A new global supply chain ecosystem

As organisations recover from the effects of the pandemic, there is a need to consider their broader supply chain needs. This is where banks can take a more proactive and far-reaching leadership role in driving digital transformation for their clients.

“Banks can leverage existing strengths of connectivity across the supply chain ecosystem, linking manufacturing lines to supplier lines with data, along with their ability to help finance and deliver on logistics needs in a contact-free manner,” explains Troutman.

APIs are also key in the digital transformation of supply chains; they allow organisations to upload trade applications digitally and directly from their own internal platforms, offering an alternative solution to replace wet signatures, with enhanced real-time status notification capabilities. Recently, DBS offered same-day financing to distributors of products made by Haier, the Chinese electronics manufacturer, via Haier’s own digital supply chain platform. Through a series of APIs, DBS enabled distributors to obtain financing digitally and Haier to sell more products.

The digital priority

Digitised supply chains offer greater efficiency and more robust processes, ensuring access to fast and fluid working capital for all parties and enhancing connectivity across a horizontal ecosystem. Each step in the client journey can be digital – from online account opening and digital onboarding of suppliers, to uploading or presenting transactional documents, online platforms, managing application and resubmission processes, as well as receiving financing.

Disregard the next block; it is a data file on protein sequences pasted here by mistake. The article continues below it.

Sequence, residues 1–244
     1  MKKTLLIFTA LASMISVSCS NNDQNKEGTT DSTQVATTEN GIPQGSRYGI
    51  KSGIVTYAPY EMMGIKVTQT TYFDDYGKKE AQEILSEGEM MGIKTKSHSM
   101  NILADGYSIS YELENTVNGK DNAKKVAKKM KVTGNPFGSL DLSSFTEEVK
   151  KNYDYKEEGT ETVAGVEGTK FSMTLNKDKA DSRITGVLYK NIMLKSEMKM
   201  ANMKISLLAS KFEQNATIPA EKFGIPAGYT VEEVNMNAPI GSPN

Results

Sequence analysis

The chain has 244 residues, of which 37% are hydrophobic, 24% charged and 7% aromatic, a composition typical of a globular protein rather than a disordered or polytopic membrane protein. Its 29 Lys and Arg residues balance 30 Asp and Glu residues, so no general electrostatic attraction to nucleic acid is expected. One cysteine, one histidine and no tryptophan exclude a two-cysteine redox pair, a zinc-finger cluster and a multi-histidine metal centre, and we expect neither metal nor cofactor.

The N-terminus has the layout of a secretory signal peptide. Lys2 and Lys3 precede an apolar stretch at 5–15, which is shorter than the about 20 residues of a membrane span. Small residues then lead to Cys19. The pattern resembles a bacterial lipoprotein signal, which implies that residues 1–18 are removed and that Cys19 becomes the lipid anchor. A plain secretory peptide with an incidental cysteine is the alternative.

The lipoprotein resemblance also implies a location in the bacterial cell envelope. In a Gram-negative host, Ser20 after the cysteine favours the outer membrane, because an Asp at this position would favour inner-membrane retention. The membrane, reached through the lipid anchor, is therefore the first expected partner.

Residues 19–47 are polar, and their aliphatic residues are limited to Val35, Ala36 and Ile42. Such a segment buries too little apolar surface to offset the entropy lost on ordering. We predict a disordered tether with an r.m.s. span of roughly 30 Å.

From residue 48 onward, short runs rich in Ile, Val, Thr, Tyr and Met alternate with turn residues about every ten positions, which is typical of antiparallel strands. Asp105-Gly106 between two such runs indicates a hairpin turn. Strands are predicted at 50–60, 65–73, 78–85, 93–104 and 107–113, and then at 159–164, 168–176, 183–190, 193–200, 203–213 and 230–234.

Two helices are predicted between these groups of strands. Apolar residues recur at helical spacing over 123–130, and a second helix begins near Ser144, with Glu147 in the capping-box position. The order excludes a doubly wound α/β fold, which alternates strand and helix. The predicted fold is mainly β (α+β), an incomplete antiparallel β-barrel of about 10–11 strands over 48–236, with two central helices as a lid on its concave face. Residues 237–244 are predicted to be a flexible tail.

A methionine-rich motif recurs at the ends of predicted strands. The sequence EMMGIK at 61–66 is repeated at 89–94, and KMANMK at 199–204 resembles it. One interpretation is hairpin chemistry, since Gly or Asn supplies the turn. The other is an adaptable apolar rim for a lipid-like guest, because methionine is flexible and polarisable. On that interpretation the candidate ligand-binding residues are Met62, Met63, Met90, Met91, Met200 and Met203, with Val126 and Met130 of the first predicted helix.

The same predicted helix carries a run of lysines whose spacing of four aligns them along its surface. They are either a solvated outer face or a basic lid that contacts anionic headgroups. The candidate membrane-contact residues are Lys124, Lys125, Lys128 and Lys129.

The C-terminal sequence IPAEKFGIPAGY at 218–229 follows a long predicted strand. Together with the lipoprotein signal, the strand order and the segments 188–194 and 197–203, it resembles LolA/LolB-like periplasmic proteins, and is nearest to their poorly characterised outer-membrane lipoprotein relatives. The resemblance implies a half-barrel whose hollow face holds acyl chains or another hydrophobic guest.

Shorter processing time is another benefit. For example, DBS completed the first transaction through the CamelONE Trade Finance portal early in 2020, becoming the first Singapore bank to join Contour’s network, enabling shorter settlement times, less paperwork and simpler trade processes for customers.

Efficient liquidity management - crucial during times of crisis – is improved by instant settlement, automated reconciliation and greater visibility of the organisations’ cash. In the wake of COVID-19, banks enabled digital solutions for organisations to leverage surplus funds across entities, enabling treasurers to better manage borrowing costs, and to enjoy greater transparency over transactions and increased control over cash as the result of more instant payment transactions.

Asia at the centre of digital transformation

Troutman believes Asia, with its general resilience based on economic strength, robust domestic and regional demand and agility in digital adoption, is well-positioned to lead its Western counterparts in supply chain transformation and post-pandemic economic recovery.